September 1, 2010
Poor Countries Cannot Afford Common Medicines
A study has found that people in low and middle-income countries would be pushed to below the poverty line if they bought common medicines.
Laurens Niens' team at Erasmus University Rotterdam analyzed the number of people who would be pushed below an income level of $1.25 or $2 a day by paying for four widely used medicines.
The team said their findings showed that greater effort is needed in order to encourage the use of cheaper generic drugs in poor countries to help ensure more medicines are made available.
The researchers studied the drugs salbutamol inhaler, used to help manage asthma, glibenclamide, a diabetes drug, atenolol, a high blood pressure drug, and amoxicillin, an antibiotic.
The researchers published their findings in the Public Library of Science (PLoS) Medicine journal on Tuesday. They generated "impoverishment rates" for these medicines in 16 low- and middle-income countries by using data from the World Bank and the World Health Organization.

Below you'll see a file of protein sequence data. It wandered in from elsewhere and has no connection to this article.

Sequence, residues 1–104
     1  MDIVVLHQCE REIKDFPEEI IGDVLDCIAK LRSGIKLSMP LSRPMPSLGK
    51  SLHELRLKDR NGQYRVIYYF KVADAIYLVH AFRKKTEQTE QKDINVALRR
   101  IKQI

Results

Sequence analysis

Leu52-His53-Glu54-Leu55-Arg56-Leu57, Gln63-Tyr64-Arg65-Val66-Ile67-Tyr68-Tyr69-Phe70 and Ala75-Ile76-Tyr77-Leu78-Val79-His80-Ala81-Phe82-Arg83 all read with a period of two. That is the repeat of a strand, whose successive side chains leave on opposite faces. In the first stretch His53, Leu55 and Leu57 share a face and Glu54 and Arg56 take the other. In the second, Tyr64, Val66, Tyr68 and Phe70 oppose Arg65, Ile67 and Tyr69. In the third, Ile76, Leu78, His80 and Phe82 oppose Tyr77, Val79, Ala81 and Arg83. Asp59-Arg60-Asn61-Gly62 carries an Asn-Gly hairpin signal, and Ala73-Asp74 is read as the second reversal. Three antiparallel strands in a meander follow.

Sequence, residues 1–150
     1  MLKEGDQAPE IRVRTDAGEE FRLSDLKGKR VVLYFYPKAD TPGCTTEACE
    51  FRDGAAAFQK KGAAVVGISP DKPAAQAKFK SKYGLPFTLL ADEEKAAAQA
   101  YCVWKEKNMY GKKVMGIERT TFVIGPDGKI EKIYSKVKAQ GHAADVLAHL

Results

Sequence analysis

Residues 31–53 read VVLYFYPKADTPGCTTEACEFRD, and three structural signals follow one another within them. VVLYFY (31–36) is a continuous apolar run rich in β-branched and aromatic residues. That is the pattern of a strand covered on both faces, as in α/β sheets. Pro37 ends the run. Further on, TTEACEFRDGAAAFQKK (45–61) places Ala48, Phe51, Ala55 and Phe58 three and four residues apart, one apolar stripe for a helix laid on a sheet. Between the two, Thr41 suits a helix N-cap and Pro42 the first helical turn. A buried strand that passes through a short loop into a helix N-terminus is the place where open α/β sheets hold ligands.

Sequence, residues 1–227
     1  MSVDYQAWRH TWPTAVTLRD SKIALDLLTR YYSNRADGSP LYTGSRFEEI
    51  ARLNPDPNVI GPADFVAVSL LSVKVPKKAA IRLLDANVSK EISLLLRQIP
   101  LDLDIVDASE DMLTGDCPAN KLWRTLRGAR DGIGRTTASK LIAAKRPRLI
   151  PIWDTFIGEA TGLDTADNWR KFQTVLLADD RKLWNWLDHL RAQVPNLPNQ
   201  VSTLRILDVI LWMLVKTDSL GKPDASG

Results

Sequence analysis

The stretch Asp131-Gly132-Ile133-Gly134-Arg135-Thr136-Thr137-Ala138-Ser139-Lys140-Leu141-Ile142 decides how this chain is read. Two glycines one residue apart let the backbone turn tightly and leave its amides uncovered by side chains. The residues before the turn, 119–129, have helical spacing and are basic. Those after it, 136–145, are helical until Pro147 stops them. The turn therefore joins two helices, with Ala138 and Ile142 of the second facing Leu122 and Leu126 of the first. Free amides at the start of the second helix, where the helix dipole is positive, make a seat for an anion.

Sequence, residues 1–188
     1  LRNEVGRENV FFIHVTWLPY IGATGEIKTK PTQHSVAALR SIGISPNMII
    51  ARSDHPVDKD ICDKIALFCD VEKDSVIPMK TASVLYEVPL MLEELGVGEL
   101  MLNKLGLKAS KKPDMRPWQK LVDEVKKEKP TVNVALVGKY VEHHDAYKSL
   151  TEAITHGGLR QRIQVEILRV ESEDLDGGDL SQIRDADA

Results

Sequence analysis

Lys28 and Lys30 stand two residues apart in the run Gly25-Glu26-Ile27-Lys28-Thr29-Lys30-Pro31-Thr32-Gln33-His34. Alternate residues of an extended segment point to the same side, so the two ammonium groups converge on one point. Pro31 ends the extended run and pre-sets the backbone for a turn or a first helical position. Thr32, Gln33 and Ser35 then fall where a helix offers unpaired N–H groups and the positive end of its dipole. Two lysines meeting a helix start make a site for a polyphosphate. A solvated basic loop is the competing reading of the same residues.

In Yemen, where seven percent of people live on less than $1.25 a day, another 22 percent of the population would fall below the poverty line by purchasing glibenclamide. However, buying the cheapest generic equivalent would only push another 3 percent of the population below the poverty line.
In Nigeria, 56 percent of the population lives on less than $1.25 a day. If Nigerians were to purchase the branded version of amoxicillin, another 23 percent would fall below the poverty line.
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